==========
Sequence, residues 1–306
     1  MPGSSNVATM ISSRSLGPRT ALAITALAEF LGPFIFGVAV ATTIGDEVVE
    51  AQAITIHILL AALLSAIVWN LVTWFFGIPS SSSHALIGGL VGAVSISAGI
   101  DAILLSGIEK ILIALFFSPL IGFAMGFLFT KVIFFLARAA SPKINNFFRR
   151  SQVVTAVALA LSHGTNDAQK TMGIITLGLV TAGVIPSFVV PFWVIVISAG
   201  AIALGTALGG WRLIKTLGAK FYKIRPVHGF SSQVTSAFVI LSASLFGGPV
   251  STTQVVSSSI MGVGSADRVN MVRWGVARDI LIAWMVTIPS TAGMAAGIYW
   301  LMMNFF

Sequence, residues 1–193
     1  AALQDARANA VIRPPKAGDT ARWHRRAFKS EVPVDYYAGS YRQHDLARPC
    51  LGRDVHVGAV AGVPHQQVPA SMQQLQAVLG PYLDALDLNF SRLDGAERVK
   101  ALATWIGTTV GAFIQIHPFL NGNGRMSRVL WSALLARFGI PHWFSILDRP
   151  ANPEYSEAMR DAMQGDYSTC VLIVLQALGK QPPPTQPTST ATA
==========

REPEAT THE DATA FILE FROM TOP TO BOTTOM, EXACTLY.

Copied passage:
Sequence, residues 1–306
     1  MPGSSNVATM ISSRSLGPRT ALAITALAEF LGPFIFGVAV ATTIGDEVVE
    51  AQAITIHILL AALLSAIVWN LVTWFFGIPS SSSHALIGGL VGAVSISAGI
   101  DAILLSGIEK ILIALFFSPL IGFAMGFLFT KVIFFLARAA SPKINNFFRR
   151  SQVVTAVALA LSHGTNDAQK TMGIITLGLV TAGVIPSFVV PFWVIVISAG
   201  AIALGTALGG WRLIKTLGAK FYKIRPVHGF SSQVTSAFVI LSASLFGGPV
   251  STTQVVSSSI MGVGSADRVN MVRWGVARDI LIAWMVTIPS TAGMAAGIYW
   301  LMMNFF

Sequence, residues 1–193
     1  AALQDARANA VIRPPKAGDT ARWHRRAFKS EVPVDYYAGS YRQHDLARPC
    51  LGRDVHVGAV AGVPHQQVPA SMQQLQAVLG PYLDALDLNF SRLDGAERVK
   101  ALATWIGTTV GAFIQIHPFL NGNGRMSRVL WSALLARFGI PHWFSILDRP
   151  ANPEYSEAMR DAMQGDYSTC VLIVLQALGK QPPPTQPTST ATA